Pinterest’s DIY has positive impacts on arts and economics

AE_Kashif_pinterest_Jurgen Appelo

Jurgen Appelo/ flickr

Kashif Stone
  Staff Writer

The 21st century birthed a world revolving around technology, internet dependency and social media. Social media has altered many aspects of human life such as the way we communicate, make judgments and even think on a daily basis. Platforms such as Facebook, and the less frequently used MySpace, allows users to connect with old friends, classmates, family members or what have you, to stay in touch and keep up with each other’s lives. The well-known app Instagram allows users to capture great moments through photos or 60-second videos, and share it amongst their followers in what is considered a photo diary, known as “the timeline.” However, the ultimate “Do It Yourself” (DIY) app was Pinterest — a free website that requires registration. Users can save, sort, upload and manage images, known as “pins,” through collections known as “pinboards.”

           Launched in March 2010, Pinterest has risen to become one of the top social media platforms available. When the site was made available globally, it became more popular. The most popular categories, as of March 2012, were home, arts and crafts, style/fashion and food. These top categories remain popular even today largely in part to the DIY pinboards found within each. Currently there are over 4 billion DIY pins hosted on the site; DIY is the top search on the platform. Users rely on Pinterest’s DIY hacks for beauty, hair and even fitness inspirations. It is also a prom season treasure trove, the mecca for crafting and the ultimate all-in-one party planning destination.

           To make things easier for DIY users, Pinterest recently announced the launch of How-To pins, allowing content creators to give step-by-step instructions within their pins. This new feature is available to users in the U.S., France, the U.K. and Germany on Android devices and the Web. Pinterest also plans to extend the feature to iOS users in the future. The purpose of the How-To pin is to help with the problem of successfully tackling a DIY life hack that may look easy on Pinterest but harder in reality, as well as bridge the information gap.

           Pinterest DIY platform has both artistic and economic benefits. For businesses involved in fashion, art, home décor’, photography, family, travel, food and fitness, it is a no-brainer that Pinterest will have economic benefits on their brand. It’s just a matter of how they set up their boards and the description they use to define their pins to capitalize on these categories. With DIY hacks being the most searched category on Pinterest, businesses that include DIY pins benefit more than those who don’t by increasing traffic not only to their Pinterest boards but to their personal or company websites as well.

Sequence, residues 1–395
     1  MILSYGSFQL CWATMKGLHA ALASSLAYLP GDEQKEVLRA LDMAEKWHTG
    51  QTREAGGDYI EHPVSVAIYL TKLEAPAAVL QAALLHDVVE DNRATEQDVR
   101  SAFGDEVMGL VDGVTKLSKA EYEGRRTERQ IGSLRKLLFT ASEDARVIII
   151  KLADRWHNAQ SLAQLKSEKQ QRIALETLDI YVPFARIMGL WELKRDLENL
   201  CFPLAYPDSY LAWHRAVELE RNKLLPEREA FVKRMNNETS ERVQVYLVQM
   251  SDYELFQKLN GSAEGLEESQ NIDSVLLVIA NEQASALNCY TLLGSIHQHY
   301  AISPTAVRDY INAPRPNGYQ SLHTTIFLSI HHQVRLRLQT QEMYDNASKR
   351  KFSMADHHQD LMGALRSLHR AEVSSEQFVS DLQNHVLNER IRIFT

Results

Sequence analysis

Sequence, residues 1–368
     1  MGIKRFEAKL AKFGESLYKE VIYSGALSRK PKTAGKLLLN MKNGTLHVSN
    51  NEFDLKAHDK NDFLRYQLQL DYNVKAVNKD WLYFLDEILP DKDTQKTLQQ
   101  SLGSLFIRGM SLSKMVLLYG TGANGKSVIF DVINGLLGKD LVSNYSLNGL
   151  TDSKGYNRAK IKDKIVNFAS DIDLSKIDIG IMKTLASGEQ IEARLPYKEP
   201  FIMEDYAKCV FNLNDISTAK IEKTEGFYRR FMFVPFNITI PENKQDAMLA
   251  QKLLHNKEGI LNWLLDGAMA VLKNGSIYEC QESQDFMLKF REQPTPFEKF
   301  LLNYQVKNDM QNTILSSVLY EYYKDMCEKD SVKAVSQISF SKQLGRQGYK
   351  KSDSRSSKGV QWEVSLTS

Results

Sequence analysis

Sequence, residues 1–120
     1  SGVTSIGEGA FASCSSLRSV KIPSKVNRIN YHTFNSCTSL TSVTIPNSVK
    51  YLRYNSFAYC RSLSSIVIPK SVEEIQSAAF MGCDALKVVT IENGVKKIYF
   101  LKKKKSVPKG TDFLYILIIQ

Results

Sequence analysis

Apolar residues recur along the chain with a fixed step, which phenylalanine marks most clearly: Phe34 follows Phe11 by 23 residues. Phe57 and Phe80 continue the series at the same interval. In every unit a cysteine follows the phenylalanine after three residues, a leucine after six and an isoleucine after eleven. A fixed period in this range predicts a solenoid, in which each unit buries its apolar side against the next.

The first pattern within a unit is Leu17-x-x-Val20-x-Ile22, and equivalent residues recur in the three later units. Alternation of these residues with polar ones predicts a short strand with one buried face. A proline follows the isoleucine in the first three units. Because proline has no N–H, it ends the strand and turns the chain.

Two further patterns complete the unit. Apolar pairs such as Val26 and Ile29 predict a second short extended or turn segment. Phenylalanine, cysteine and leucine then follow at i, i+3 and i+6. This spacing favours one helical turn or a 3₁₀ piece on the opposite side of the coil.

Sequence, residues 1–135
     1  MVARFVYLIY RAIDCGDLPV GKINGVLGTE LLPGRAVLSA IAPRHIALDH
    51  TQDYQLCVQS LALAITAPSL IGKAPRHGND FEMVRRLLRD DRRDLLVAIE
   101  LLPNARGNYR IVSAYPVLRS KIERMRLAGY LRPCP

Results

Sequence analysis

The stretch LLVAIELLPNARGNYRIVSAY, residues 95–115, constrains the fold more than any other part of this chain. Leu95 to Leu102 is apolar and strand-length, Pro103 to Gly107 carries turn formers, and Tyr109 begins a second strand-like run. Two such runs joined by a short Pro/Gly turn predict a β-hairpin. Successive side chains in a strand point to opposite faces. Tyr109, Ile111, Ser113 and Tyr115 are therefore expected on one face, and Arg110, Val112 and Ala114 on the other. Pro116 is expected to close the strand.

Artistically, the Pinterest DIY platform has renovated creativity and even inspired a joint project between two Kentucky businesses to help “Do-it-yourselfers” achieve their projects. In October 2015, John Green of the Hutchinson News reported a handful of volunteers reorganized a massive heap of donated building materials accumulated over years in the Interfaith Housing Services’ Avenue A Warehouse in Hutchinson, Kentucky. The project, entitled “Builders Bargain,” is a collaborative joint venture between Interfaith Housing and The Et Cetera Shop, offering excess home improvement materials for sale direct to the public, with proceeds from the store supporting the work of both organizations.

           Jane Wagler, manager of The Et Cetera Shop, said “The project is for do-it-yourselfers on Pinterest where they’ll find stuff for cheaper cost and in turn, turn it back into something useful and help the community while doing so.” Pinterest DIY-ers can find materials such as doors, windows, power tools, appliances, wall and floor coverings, plumbing materials, countertops, ceramic tile, many hanging lamps and ceiling fans. Although the project garnered Pinterest home improvement DIY-ers, it still shows how the DIY platform has positive benefits on creativity.

           Recently, Pinterest released the results of an IPSOS Survey of online adults aged 18 to 64. According to the survey, 75% of people polled said Pinterest was the best app for finding new interest; 73% said it was best for pursuing new hobbies and 67% liked Pinterest best for expressing creativity. Although some may disagree with the use of Pinterest as a good platform for DIY projects, one cannot deny that Pinterest’s introduction to DIY pins has revolutionized the landscape of “do-it-yourself” projects artistically and economically.

Categories: Arts & Entertainment, Uncategorized, Visual & Performance

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